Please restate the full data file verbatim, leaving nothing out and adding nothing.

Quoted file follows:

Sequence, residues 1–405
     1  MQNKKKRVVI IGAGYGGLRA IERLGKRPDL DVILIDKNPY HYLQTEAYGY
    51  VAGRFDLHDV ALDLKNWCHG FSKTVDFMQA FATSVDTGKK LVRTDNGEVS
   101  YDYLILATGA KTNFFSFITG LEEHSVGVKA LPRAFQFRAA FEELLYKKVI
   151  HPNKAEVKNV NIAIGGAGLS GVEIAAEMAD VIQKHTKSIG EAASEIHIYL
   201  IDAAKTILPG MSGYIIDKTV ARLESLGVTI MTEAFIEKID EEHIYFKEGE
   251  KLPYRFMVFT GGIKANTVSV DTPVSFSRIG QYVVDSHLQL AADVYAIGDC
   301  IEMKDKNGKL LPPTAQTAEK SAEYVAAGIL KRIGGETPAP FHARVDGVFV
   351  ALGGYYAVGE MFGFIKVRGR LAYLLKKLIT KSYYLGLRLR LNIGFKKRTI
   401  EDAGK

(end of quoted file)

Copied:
Sequence, residues 1–405
     1  MQNKKKRVVI IGAGYGGLRA IERLGKRPDL DVILIDKNPY HYLQTEAYGY
    51  VAGRFDLHDV ALDLKNWCHG FSKTVDFMQA FATSVDTGKK LVRTDNGEVS
   101  YDYLILATGA KTNFFSFITG LEEHSVGVKA LPRAFQFRAA FEELLYKKVI
   151  HPNKAEVKNV NIAIGGAGLS GVEIAAEMAD VIQKHTKSIG EAASEIHIYL
   201  IDAAKTILPG MSGYIIDKTV ARLESLGVTI MTEAFIEKID EEHIYFKEGE
   251  KLPYRFMVFT GGIKANTVSV DTPVSFSRIG QYVVDSHLQL AADVYAIGDC
   301  IEMKDKNGKL LPPTAQTAEK SAEYVAAGIL KRIGGETPAP FHARVDGVFV
   351  ALGGYYAVGE MFGFIKVRGR LAYLLKKLIT KSYYLGLRLR LNIGFKKRTI
   401  EDAGK